Long-time P.E.I. bed and breakfast owner recalls life-long fighting ...
Peers Alliance set to host annual poetry slam and have some wacky fun ...
UPEI student to share her experiences as an out, queer woman in China
Making East Coast workplaces more inclusive for LGBTQ2+ community
Have you heard about the SaltWire News app?
Visit SaltWire.com for more of the stories you want.
SaltWire Selects: Stories you don't want to miss
What you need to know about COVID-19: August 7, 2020
Open letter to P.E.I. Premier Dennis King
Dear Premier King,
This open letter to you is in response to the recent announcement that you have created a Council for Recovery and Growth consisting of 31 Island individuals. Its task, as we understand it, is to establish a plan for recovery and growth for the province over the next one, two, five and 10 years. While we can’t predict the future, we do agree that it is important to plan.
One thing is clear: The recovery cannot involve a return to "business as usual." COVID-19 has laid bare the ways in which the pre-epidemic status quo was exploiting workers, failing to provide people with adequate and safe services and jeopardizing our community’s economic resilience.
Here in Prince Edward Island, the COVID-19 crisis has drawn our attention to many issues, gaps and inequalities, including:
- Essential grocery store workers are usually low paid, under-valued and non-unionized.
- Migrant workers fill essential, permanent jobs and are made vulnerable by a system that offers little hope for permanent residency in Canada.
- We rely on essential healthcare and childcare workers who are often poorly paid.
- Child care should be publicly funded and operated.
- Many Island families and individuals experience food insecurity.
- Corporate control of food production and processing hurts farmers and workers as well as land, air and water.
- Reliance on one or two agricultural products for export is short-sighted and wasteful and doesn’t provide ‘food security’ for the people of Prince Edward Island.
- Locally produced and processed food is essential, and its availability increases our resilience when there are disruptions in the global food system.
- Widespread dependence on tourism, which brings 1.6 million visitors every year, and an environmentally unsustainable cruise ship industry increases Prince Edward Island’s economic vulnerability.
- A publicly owned and operated Island-wide public transportation system is essential.
- It is necessary to reform, improve and standardize long-term care in Canada.
- The free market economy does not provide for or protect people, it simply contributes to the growing gap between the very rich and those who lack basic needs.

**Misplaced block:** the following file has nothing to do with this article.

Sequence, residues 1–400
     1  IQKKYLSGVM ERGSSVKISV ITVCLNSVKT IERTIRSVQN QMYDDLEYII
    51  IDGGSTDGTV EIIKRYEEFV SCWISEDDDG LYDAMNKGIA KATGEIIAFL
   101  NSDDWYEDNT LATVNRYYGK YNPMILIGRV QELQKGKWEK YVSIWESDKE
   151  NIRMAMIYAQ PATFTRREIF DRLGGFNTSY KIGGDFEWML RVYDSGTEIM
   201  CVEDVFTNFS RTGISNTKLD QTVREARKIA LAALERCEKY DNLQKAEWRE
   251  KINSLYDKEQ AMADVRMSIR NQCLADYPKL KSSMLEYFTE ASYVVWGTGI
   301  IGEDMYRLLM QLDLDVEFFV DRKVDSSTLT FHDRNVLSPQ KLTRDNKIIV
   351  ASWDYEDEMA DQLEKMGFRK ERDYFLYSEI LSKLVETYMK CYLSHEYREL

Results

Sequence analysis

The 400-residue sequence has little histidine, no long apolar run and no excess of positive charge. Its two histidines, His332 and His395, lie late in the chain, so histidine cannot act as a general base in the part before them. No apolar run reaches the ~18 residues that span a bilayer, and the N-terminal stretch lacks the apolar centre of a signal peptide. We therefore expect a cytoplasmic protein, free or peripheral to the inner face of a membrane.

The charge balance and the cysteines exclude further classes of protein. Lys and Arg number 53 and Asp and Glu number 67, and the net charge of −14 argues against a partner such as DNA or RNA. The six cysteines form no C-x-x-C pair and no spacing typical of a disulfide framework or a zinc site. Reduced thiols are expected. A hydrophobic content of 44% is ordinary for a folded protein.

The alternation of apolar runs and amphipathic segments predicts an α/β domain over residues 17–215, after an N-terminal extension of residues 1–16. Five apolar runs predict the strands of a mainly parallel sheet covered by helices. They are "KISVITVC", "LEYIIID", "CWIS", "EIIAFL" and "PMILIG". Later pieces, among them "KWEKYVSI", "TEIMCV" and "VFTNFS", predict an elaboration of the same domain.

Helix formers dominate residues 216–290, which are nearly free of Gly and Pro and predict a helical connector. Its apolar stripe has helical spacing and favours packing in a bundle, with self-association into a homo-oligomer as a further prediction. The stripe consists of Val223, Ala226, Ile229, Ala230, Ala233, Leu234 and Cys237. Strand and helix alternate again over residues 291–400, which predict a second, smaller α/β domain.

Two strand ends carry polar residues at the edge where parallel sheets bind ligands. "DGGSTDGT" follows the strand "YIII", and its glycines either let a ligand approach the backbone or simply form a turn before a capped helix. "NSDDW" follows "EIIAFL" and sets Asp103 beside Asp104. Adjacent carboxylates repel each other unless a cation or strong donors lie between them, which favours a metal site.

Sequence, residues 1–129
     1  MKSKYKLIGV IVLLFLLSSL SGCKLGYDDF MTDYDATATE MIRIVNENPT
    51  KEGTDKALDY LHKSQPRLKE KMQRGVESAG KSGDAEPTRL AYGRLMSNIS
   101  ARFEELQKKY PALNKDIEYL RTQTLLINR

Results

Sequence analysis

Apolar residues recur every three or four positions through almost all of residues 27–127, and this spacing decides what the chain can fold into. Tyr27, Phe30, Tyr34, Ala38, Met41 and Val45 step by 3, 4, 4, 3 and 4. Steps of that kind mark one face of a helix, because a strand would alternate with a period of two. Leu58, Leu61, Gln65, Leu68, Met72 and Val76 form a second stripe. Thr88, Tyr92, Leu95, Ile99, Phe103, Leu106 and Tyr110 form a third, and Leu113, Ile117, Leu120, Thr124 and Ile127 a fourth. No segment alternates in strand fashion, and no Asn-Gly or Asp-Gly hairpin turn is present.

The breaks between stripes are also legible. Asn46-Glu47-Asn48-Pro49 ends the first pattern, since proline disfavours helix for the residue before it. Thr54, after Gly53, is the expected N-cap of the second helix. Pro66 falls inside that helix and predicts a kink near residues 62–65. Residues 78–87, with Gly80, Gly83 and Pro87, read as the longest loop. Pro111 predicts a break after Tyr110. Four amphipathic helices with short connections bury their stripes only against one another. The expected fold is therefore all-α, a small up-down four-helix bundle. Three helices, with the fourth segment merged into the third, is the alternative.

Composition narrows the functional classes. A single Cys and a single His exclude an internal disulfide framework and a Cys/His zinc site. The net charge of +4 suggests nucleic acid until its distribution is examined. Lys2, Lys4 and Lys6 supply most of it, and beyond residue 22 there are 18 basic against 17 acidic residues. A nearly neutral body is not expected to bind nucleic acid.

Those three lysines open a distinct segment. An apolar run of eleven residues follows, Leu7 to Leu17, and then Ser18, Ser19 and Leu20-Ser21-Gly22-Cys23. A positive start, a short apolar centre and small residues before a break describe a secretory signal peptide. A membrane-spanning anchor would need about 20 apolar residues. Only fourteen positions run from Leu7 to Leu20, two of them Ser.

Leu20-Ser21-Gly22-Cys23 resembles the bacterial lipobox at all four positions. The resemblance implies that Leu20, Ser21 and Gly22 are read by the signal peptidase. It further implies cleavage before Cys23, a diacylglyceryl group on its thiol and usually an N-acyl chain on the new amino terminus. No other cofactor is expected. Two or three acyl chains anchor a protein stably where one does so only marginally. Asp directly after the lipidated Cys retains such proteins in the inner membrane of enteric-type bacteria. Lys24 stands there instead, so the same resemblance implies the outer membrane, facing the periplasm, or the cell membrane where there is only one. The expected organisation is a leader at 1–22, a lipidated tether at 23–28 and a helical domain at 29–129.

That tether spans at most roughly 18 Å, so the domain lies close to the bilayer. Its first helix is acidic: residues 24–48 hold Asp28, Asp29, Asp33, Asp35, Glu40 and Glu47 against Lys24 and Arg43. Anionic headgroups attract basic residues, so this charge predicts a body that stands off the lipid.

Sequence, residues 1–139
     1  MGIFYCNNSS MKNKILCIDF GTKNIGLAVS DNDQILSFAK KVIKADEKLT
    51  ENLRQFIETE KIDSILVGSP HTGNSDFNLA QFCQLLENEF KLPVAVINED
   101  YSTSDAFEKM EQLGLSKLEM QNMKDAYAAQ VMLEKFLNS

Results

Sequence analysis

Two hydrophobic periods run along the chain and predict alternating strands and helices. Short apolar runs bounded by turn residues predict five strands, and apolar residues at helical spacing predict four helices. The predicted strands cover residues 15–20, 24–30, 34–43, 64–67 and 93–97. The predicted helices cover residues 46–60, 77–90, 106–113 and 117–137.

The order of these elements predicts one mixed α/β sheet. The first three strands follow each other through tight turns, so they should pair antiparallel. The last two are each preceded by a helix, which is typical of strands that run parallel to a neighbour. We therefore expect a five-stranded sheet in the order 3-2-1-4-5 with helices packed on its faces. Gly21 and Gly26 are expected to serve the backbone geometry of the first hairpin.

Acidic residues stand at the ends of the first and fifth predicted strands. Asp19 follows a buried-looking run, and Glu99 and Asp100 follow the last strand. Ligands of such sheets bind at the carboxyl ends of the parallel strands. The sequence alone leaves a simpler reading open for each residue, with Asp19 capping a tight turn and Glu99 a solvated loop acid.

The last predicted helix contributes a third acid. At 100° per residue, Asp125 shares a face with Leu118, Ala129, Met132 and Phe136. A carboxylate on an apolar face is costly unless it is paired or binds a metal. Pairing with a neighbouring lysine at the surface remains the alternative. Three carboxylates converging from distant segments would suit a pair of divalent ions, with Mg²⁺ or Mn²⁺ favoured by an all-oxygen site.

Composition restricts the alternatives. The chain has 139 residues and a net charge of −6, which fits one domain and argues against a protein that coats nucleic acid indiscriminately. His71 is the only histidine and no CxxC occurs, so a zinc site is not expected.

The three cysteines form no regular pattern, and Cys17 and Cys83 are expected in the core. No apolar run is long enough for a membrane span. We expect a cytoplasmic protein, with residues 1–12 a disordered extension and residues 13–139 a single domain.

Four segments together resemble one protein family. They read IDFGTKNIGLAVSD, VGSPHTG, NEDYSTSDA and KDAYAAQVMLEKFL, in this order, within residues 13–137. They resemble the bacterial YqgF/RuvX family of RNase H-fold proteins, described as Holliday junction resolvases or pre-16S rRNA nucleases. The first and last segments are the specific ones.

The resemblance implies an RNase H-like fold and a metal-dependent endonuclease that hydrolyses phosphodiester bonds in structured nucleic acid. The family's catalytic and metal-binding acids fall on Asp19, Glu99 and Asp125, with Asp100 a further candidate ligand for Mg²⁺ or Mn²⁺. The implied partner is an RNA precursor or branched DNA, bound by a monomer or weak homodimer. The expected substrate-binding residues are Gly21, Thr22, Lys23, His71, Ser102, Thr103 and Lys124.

- Trade agreements such as the CETA, CPTPP and USMCA are not fair agreements.
We can not look to return to business as usual – that model wasn’t working for the environment, for workers and for people living on small incomes. If we want to be able to deal with future pandemics and at the same time deal with climate change and social inequality, then we need to make some fundamental changes.
Upon review of the interests and backgrounds of the 31 people who have been chosen to come up with an economic plan for recovery, we see major gaps. The committee as a whole reflects a limited view of what makes up an economy. In Prince Edward Island, the economy is made of public services, non-profit services and activities, small and large businesses, unpaid domestic labour, resources and ecological services provided by the natural environment, and the volunteer sector. A broad range of interests must be involved in the planning process.
Trade Justice P.E.I. believes that we need to approach the future following the COVID-19 crisis with a very different economic model if we are to build a socially just and ecologically sound future.
Therefore, Trade Justice is asking you as premier to ensure the following:
- That the recovery plan embody a vision of the future which boldly addresses the broad social and environmental issues we face, rather than a return to "business as usual".
- That all government decisions in the future be made and seen through lenses of climate change and social equity.
- That the recovery plan be guided by a strong belief in public investment, the provision of public services and publicly funded community-based non-profit services.
- That unionized and non-unionized workers be involved in the process.
- That the mandate of the Council for Recovery and Growth be broadened to include climate change and social equity.
- That given the potential impact of this committee on all people living in Prince Edward Island, it be reconstituted to reflect more diversity of views.
- That Indigenous rights be respected.
- That the process be transparent and democratic, and that an accessible, open public consultation process be developed and put into place in order that all Island residents have avenues for providing input into the plan.
We offer our suggestions in the spirit of working together.
Leo Broderick, on behalf of Trade Justice P.E.I., a coalition of 17 groups and individuals who are concerned about Canada’s current international trade agenda and who believe that it’s time for trade that is more democratic and environmentally sustainable, more supportive of a transition to a carbon neutral economy in which workers receive their fair share of the benefits, and which is more respectful of the rights of Indigenous peoples.